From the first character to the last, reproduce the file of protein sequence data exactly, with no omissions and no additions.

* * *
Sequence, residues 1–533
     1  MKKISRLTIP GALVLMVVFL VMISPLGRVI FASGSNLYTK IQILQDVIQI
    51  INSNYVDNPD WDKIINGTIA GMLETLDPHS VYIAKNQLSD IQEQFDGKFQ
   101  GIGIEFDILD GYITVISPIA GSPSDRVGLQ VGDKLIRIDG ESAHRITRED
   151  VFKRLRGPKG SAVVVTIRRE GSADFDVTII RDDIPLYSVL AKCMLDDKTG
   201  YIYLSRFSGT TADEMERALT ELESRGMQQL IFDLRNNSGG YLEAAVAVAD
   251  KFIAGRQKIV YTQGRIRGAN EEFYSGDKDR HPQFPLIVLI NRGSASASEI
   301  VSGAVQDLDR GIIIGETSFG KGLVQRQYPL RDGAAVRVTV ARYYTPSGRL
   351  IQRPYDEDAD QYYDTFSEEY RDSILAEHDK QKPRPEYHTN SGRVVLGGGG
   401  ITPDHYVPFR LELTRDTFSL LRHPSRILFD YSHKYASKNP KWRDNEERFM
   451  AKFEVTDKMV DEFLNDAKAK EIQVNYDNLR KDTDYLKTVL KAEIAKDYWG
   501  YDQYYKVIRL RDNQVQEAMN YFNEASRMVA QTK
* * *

Sequence, residues 1–533
     1  MKKISRLTIP GALVLMVVFL VMISPLGRVI FASGSNLYTK IQILQDVIQI
    51  INSNYVDNPD WDKIINGTIA GMLETLDPHS VYIAKNQLSD IQEQFDGKFQ
   101  GIGIEFDILD GYITVISPIA GSPSDRVGLQ VGDKLIRIDG ESAHRITRED
   151  VFKRLRGPKG SAVVVTIRRE GSADFDVTII RDDIPLYSVL AKCMLDDKTG
   201  YIYLSRFSGT TADEMERALT ELESRGMQQL IFDLRNNSGG YLEAAVAVAD
   251  KFIAGRQKIV YTQGRIRGAN EEFYSGDKDR HPQFPLIVLI NRGSASASEI
   301  VSGAVQDLDR GIIIGETSFG KGLVQRQYPL RDGAAVRVTV ARYYTPSGRL
   351  IQRPYDEDAD QYYDTFSEEY RDSILAEHDK QKPRPEYHTN SGRVVLGGGG
   401  ITPDHYVPFR LELTRDTFSL LRHPSRILFD YSHKYASKNP KWRDNEERFM
   451  AKFEVTDKMV DEFLNDAKAK EIQVNYDNLR KDTDYLKTVL KAEIAKDYWG
   501  YDQYYKVIRL RDNQVQEAMN YFNEASRMVA QTK